Six months paid maternity leave is one way to curb the high female churn rates in the engineering field, claims the Association of Professional Engineers, Scientists and Managers Australia.
APESMA, whose members include IT professionals, made a submission last week to the Productivity Commission's enquiry into paid maternity leave.
The Productivity Commission will be asked to look at the economic and social costs and benefits of paid maternity, paternity and parental leave and will report back to the federal government by February 2009.
APESMA's national women's coordinator, Erin Wood, said research amongst its 25,000 members shows female engineers are leaving the profession 38.8 percent faster than men.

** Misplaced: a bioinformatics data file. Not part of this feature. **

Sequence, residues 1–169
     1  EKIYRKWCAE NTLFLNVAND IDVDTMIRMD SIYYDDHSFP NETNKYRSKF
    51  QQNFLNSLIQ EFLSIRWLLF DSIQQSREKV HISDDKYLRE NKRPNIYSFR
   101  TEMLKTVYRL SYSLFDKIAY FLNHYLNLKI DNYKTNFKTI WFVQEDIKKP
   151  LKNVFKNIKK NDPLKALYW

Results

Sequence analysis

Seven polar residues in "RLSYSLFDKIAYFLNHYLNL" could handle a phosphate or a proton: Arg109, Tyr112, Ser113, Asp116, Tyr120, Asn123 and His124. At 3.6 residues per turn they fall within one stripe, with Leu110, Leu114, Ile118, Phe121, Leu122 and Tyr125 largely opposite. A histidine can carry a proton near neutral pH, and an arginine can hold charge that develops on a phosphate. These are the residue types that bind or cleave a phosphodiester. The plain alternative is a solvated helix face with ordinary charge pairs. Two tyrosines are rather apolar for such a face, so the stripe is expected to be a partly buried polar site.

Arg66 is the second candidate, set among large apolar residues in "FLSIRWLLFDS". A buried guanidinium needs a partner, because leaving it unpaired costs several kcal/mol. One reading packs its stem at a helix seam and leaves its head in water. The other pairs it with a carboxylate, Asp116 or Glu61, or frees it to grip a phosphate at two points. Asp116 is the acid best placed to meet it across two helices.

"How we engage and stay engaged with our workforce in an environment of skills shortage is important. Because paid leave arrangements form an element of that, and have been introduced in most OECD countries, there has been a lot of research on how paid maternity leave can assist retention of skilled staff," she said.
According to its submission to the Commission, "women are leaving the engineering profession faster than men and feedback from APESMA members indicates that one of the major reasons for this is the difficulty faced balancing work and family".
"The workforce into the future is one where the balancing of work and family issue are what young men and women want us to address," Wood said.